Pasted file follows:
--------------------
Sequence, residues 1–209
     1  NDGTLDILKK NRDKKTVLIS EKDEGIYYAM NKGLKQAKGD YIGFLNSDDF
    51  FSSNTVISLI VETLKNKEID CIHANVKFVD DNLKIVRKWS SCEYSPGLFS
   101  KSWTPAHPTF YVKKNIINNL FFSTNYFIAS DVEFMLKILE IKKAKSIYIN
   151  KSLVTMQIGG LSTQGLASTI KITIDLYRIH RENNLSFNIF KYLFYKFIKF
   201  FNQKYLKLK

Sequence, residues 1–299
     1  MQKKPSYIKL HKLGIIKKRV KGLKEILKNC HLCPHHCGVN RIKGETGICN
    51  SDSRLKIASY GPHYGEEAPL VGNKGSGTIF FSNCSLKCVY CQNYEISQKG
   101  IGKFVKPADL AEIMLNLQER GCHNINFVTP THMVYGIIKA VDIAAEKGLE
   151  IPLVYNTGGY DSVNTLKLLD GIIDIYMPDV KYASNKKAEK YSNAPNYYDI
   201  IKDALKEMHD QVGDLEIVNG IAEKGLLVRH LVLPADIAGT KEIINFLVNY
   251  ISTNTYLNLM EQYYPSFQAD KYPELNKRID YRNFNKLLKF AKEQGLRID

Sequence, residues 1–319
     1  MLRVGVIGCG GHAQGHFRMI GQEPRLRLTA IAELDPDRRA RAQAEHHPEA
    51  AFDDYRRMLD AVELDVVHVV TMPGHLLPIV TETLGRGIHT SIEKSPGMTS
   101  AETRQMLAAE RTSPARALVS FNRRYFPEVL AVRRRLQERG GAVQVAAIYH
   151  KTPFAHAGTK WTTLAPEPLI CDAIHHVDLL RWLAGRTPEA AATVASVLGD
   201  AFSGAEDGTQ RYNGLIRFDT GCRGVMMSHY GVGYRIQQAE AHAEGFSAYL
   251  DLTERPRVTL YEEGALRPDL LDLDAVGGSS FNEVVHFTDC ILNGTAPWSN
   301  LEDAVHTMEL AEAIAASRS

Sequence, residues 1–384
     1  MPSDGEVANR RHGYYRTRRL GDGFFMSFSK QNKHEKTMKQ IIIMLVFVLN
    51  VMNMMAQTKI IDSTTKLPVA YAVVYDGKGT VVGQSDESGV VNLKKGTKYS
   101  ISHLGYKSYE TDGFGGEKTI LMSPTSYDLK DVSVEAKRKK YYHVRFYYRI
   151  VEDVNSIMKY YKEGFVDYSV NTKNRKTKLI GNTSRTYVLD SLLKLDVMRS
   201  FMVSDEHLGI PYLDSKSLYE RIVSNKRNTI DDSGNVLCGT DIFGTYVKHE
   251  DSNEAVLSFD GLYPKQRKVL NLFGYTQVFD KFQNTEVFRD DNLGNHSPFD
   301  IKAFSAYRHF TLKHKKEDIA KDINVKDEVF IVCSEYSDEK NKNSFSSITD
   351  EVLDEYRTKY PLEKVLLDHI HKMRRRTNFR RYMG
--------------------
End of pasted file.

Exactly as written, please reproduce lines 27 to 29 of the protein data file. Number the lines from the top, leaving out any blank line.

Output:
   201  FMVSDEHLGI PYLDSKSLYE RIVSNKRNTI DDSGNVLCGT DIFGTYVKHE
   251  DSNEAVLSFD GLYPKQRKVL NLFGYTQVFD KFQNTEVFRD DNLGNHSPFD
   301  IKAFSAYRHF TLKHKKEDIA KDINVKDEVF IVCSEYSDEK NKNSFSSITD